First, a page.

Arts & Culture(Archives)

Oct
01
2014
Volume
-

Moments in Time

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IODE and Its Place in Local History

Have you ever heard of the Imperial Order, Daughters of the Empire (IODE)?

WHEN I FIRST HEARD the name, Imperial Order, Daughters of the Empire, it sounded a little intimidating, like a name fabricated for some science fiction movie. Saying it out loud, the Imperial Order, Daughters of the Empire, sounds like a group of individuals that are part of British Royalty. The IODE is in fact just the opposite. The women that formed chapters of the IDOE all over Canada were everyday mothers, wives, daughters and sisters who all had a dream of improving their communities and reaching out to others.

Founded in 1900, the Imperial Order, Daughters of the Empire (IODE) is a voluntary, patriotic non-political women’s organization that still exists across Canada. They endeavor to support the youth, assist the disadvantaged, provide emergency and financial relief, as well as create and sustain fundraisers, libraries, health care, and other initiatives within communities.

The first IODE chapter was called the Federation of the Daughters of the Empire. It was formed in Fredericton, New Brunswick on January 5, 1900, by Margaret Polson Murray of Montreal. Margaret was inspired to form an organization for women following a recent visit to England (which was in the midst of what is now referred to as the Second Anglo-Boer War) where she encountered many women who wanted to help with the war effort but were unable to do so due to the lack of availability for women in the workplace at the time. Upon her return to Canada, Margaret formed an organization where women across the country could contribute to the war and make a difference, while also having fun and socializing with one another.

As chapters of the IODE began to form across Canada, so too did their achievements. Nationally, the IODE chapters were making leaps and bounds in the overall quality of life for Canadian communities as well as overseas. Just a small sample of the selfless acts include; sending care packages to soldiers in the war, providing beds to sick children, adopting school programs, and fundraising for disaster relief. Fort McMurray was no different than any other western pioneer town and the women that lived here formed their own Fort McMurray chapter of IODE.

With the support of the provincial IODE chapter, the Fort McMurray Christina Gordon Chapter was officially established on April 12, 1935. The founding members were: Grace McCallum as Regent, Gladys Hill as 1st Vice Regent, Minnie Thorp, Clare Farrell, Olive Ross, Lillian Leigh, Violet Green, Jean Leggett, Angelina Macdonald, and Marie O’Coffey. The name Christina Gordon Chapter was chosen in honour of Christina Gordon who moved to Fort McMurray with her brother at the turn of the 20th century. Christina defied the odds in what was then a world dominated by male fur traders and travelers. Christina, being the first non-aboriginal women to permanently settle in Fort McMurray, was known as selfless, determined and noble. These characteristics became endorsed and honoured by the local women of the IODE as they selflessly and nobly provided to and for the community.

For over 25 years, the local IODE pledged to remain loyal, obey and maintain the constitution of the Order and contributed to Fort McMurray and Waterways in many ways. The IODE donated books, digests and calendars to schools and provided diapers, baby clothes and nursery bags to the hospital and local families in need. They also fundraised in support of community organizations and causes such as the Girl Guides, the Institute for the Blind and to provide scholarships and bursaries to students. In 1947, the IODE even petitioned for the construction of the highway from Fort McMurray to Edmonton to help ease the difficulty of traveling between the two places. The IODE’s focus also extended overseas during the Second World War, when the local IODE donated cigarettes and knitted garments to soldiers stationed abroad.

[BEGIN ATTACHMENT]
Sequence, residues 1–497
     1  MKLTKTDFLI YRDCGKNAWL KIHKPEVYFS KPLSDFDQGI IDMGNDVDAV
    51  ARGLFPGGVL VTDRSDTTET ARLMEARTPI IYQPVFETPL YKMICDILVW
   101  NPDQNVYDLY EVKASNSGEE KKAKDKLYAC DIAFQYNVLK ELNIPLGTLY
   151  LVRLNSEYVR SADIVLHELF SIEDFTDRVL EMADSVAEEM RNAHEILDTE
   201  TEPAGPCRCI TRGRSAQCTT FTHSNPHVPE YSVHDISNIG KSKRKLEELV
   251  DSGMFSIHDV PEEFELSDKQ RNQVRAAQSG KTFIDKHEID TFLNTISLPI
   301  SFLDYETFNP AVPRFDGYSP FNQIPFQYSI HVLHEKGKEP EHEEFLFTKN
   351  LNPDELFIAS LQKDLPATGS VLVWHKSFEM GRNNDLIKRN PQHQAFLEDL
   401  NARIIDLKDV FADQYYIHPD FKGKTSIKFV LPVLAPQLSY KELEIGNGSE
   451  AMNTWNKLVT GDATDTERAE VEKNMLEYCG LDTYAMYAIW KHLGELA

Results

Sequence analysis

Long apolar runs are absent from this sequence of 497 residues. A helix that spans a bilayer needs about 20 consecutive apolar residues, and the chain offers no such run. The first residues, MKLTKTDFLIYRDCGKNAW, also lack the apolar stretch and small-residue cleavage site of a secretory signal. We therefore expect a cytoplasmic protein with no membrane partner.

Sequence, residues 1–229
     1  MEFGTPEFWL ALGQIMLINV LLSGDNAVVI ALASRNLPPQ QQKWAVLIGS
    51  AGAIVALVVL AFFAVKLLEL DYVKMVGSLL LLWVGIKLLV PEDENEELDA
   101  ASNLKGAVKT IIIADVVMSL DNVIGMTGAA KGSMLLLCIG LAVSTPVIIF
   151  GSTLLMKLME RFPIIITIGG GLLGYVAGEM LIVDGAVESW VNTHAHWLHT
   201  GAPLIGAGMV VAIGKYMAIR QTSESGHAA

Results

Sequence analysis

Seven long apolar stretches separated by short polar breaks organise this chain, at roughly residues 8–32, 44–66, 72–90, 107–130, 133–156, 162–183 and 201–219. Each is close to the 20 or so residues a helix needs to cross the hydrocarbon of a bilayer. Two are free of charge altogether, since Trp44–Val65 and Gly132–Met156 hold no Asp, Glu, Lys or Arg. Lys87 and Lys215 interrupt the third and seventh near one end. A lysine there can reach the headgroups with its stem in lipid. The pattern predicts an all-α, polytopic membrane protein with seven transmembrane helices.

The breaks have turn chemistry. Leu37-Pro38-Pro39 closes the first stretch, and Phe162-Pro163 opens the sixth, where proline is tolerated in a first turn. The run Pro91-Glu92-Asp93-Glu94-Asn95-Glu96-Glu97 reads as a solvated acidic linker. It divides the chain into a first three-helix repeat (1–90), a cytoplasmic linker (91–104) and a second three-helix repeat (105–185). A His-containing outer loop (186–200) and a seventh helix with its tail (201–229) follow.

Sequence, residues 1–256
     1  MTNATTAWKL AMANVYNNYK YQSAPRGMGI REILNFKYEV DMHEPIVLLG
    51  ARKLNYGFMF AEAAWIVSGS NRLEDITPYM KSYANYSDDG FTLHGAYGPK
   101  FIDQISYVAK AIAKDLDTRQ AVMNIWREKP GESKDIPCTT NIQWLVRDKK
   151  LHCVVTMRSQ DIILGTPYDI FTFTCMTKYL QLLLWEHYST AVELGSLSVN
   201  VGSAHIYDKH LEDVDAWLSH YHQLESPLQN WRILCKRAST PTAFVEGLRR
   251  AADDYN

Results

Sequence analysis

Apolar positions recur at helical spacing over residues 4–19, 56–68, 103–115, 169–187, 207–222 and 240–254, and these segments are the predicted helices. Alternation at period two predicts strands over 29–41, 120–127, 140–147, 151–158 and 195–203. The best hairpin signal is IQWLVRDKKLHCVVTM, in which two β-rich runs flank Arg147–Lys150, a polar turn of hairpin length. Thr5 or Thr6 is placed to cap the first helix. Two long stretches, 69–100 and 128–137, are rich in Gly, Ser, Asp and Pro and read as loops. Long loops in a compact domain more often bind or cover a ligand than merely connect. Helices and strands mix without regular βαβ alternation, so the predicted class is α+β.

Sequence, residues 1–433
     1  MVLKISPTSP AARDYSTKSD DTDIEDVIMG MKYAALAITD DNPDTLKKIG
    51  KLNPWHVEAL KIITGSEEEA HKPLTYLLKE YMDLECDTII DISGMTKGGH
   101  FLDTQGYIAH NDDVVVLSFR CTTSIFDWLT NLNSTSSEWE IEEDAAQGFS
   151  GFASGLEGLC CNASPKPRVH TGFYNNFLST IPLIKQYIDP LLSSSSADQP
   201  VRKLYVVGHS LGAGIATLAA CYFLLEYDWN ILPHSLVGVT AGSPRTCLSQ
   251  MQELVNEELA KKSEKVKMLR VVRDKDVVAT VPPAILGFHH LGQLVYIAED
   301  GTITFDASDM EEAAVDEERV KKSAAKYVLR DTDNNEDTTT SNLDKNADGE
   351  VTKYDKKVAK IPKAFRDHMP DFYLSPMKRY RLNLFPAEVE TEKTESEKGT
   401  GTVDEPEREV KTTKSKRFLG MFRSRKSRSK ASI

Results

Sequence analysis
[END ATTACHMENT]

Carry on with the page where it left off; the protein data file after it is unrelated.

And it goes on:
Following the end of the war, the local IODE continued to help others outside Canada by donating parcels and goodies to families in Britain, who were living under strict food rations. The Fort McMurray Historical Society holds copies of letters written by families expressing their gratitude and appreciation for the gifts and cans of food that the IODE had sent. It was this type of kindness for which the IODE became known. An organization that was formed based on supporting the needs of others and to assist in the health and well-being of community members. The local IODE women were strong leaders who, as a team, seemed to be unstoppable in their achievements and advancements for Fort McMurray and who served as an accurate reflection of the chapter namesake, Christina Gordon.

While the Christina Gordon Chapter in Fort McMurray disbanded in the 1960s, there are currently over 200 chapters of the IODE across Canada today, totaling over 4,000 members. The United States even has a counterpart organization, Daughters of the British Empire, which was granted affiliation with the IODE of Canada in 1921.

With a proud history, the IODE is now a federally chartered charitable organization that still holds its tradition of servicing children and those in need, as well as enhancing the quality of life for their communities. For more information about the Imperial Order, Daughters of the Empire, please visit www.IODE.ca.

Parade photo courtesy of the Fort McMurray Historical Society (FMHS) • Charter image courtesy of IODE Canada

DEANNE LAWRENCE

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